Sunday, July 6, 2014
Prayer an Oasis (Sunday 14A)
Are you well-rested, well-organized and caught up with your to-do list?
Has the first part of 2014 gone smoothly for you and your family?
Are your health and finances in equally good shape, and is everything great at work?
Is life with your children a constant joy—or life with your parents, for that matter?
If you answered yes to all the questions, you can take the next ten minutes off and check the World Cup standings on your smart phone.
Just don’t get up and go outside for some sunshine. It will probably start to rain, or you’ll trip on the steps—because things never go well all the time.
And my guess is that most of you have answers to those questions that are a lot like mine. A recent survey showed that four out of five Americans see a need for less stress in their lives; I think that would be accurate in Canada, at least in our part of the country.
Father Joseph Krempa, whose homilies are particular favourites of mine, says we live in a world where people are weary in soul: “There is so much stimulation, artificial excitement [and] varying opinions that the mind becomes numb. The processing of so much information can exhaust us.”*
And in today’s paper there is a comic strip about a woman being interviewed for a job as a truck driver.
“You want to drive a truck? Do you realize how tough that job is? On the road before dawn, regardless of the weather. Endless pick-ups and drop-offs. No-one will thank you. You’ll be taken for granted.”
So what makes you think you’re qualified to be a truck driver?”
The woman answers “I drive my four kids to all their sports practices.”
“You start Monday,” the boss replies.
Jesus doesn’t have a solution to all these pressures of life. What he does offer is a remedy for the ills they produce.
The remedy is rest. The Lord knows we have burdens of many kinds, and he tells us today we must carry them with his help. We must be inefficient enough to spend some “down time” with him, and humble enough to count on him.
This lesson against self-reliance and self-importance starts with our first reading, a prophecy that’s fulfilled on Palm Sunday. The Messiah’s triumphant entry into Jerusalem is not in a chariot pulled by a team of horses; he comes to the holy city humble, and riding on a donkey.
In the Gospel, Jesus invites us to follow his example by accepting our burdens without complaint, as he did. Most of us know the prayer “God grant me the serenity to accept the things I cannot change, the courage to change the things I can and the wisdom to know the difference.”
But not as many know the next words of the Serenity Prayer: “…living one day at a time, enjoying one moment at a time, accepting hardship as a pathway to peace, taking, as Jesus did, this sinful world as it is, not as I would have it; trusting that You will make all things right if I surrender to Your will, so that I may be reasonably happy in this life and supremely happy with You forever in the next.”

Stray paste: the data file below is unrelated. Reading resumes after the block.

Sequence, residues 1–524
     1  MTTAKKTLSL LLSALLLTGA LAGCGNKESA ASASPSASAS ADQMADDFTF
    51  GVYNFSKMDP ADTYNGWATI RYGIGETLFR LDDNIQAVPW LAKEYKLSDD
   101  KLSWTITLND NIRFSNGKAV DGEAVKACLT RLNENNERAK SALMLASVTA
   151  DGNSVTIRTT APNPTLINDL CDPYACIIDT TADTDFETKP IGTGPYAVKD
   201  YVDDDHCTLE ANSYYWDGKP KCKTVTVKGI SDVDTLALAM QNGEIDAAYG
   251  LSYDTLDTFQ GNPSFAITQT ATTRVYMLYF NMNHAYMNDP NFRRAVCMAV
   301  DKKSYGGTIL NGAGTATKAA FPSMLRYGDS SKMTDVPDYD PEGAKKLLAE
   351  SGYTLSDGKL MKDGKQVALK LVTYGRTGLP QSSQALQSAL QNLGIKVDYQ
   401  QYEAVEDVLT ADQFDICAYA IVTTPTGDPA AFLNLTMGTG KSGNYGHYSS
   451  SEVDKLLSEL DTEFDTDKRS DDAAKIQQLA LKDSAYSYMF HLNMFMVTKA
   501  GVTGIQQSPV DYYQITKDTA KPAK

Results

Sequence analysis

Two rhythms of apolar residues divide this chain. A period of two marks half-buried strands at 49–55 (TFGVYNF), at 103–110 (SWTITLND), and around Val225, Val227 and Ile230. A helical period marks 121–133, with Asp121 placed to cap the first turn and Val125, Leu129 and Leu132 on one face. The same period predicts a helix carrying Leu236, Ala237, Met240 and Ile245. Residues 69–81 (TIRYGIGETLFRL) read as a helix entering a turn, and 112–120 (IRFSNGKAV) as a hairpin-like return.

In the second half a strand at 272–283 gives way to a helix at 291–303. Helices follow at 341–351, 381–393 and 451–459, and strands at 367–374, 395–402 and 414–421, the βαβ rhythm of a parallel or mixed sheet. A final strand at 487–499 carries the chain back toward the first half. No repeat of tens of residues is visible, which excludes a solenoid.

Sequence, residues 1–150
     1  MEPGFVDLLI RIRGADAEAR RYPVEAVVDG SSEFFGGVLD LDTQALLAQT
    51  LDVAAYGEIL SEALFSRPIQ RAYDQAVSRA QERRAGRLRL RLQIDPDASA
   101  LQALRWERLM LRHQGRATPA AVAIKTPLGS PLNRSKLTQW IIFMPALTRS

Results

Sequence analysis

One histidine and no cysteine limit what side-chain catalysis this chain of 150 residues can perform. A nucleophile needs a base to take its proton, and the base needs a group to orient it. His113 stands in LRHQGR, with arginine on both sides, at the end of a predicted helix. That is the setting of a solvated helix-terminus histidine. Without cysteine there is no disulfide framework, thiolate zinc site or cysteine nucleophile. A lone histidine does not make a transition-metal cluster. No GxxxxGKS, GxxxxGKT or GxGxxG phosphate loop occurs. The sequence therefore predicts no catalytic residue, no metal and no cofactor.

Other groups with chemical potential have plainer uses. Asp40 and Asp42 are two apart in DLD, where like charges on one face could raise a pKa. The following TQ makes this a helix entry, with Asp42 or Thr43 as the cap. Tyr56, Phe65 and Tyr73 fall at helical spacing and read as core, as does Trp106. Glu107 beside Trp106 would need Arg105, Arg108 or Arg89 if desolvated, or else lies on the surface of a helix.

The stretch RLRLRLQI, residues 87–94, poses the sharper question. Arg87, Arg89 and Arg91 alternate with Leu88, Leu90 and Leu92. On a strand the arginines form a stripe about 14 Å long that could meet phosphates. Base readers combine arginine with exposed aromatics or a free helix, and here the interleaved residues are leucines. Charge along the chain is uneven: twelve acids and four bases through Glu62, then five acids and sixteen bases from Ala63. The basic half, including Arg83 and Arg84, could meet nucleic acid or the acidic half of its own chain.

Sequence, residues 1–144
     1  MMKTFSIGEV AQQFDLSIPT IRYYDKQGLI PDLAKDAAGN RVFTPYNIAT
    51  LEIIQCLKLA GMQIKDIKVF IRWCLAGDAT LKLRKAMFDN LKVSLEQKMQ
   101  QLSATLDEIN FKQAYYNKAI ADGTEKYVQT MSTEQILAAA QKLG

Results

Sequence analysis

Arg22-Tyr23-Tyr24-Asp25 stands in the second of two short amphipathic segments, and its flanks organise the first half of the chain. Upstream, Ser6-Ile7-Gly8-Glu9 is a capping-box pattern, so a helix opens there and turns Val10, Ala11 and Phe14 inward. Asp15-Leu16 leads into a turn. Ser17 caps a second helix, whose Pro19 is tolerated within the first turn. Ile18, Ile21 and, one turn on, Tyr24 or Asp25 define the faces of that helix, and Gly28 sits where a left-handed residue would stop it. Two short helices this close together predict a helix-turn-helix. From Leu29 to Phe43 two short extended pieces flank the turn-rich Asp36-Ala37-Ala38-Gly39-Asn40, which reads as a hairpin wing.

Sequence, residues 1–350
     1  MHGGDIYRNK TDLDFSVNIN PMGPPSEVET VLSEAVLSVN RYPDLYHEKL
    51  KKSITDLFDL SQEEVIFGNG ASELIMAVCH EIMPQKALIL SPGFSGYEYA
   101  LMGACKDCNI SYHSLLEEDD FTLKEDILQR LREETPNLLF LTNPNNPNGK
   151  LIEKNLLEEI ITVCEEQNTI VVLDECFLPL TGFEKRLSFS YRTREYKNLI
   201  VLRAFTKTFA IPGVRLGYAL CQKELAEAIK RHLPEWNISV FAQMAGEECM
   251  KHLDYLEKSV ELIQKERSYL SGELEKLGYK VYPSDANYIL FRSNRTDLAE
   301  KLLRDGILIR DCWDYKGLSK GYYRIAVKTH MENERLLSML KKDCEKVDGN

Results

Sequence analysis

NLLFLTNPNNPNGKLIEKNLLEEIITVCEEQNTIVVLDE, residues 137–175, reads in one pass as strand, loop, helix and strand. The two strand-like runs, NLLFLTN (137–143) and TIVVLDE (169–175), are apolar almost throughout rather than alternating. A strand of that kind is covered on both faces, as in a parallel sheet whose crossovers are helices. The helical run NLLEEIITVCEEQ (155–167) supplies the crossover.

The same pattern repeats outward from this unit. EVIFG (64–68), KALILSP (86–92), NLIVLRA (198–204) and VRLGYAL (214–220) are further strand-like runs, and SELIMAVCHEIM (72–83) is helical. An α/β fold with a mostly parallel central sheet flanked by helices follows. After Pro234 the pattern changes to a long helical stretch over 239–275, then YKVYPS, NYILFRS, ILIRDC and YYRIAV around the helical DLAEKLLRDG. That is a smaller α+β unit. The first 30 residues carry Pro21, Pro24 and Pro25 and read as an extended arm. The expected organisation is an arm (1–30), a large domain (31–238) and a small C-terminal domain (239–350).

We find rest for our souls when we accept things as they are.
Along with his example of acceptance and surrender, Jesus offers us rest in him. “Come to me,” he says, “and I will give you rest.”
We find this rest when we pray. Father Krempa says that prayer is an oasis in the desert of our frantic lives. An oasis is a place where the weary traveler can find refreshment and can stock up on water for the rest of the journey ahead.*
We all need a spiritual oasis. It can be a visit to the church, a weekday Mass, or a time of prayer at home.
It can be a quiet time spent reviewing our day with Lord before bedtime. It can be an evening walk with the Rosary in hand.
Often the prayerful reading or recitation of the psalms leads us to an oasis of green pastures and restful waters.
One of the best sources of a spirituality that can make a difference in our daily lives is Father Jacques Philippe’s book Seeking for and Maintaining Peace. It’s a sure guide through the desert of our busyness to the rest that only God can give.
As Father Krempa says, prayer is not a “one-size fits all” activity. To be a true spiritual oasis—a place where we can draw real strength from Christ—we must find and stick with those prayers and methods that bring our soul peace.
Pope Francis says an interesting thing about overwork and stress in his letter On the Joy of the Gospel. “The problem,” he writes, “is not always an excess of activity but rather activity undertaken badly… without a spirituality which would permeate it and make it pleasurable. As a result, work becomes more tiring than necessary, even leading at times to illness.”
For many of us, things slow down in the summer. It's a good time to grow spiritually before the next wave of activity crashes in on us. We could make it a project to form one new habit of prayer that can help us find the rest our souls—and our bodies—really need.
* S. Joseph Krempa, Captured Fire-Cycle A, p. 99.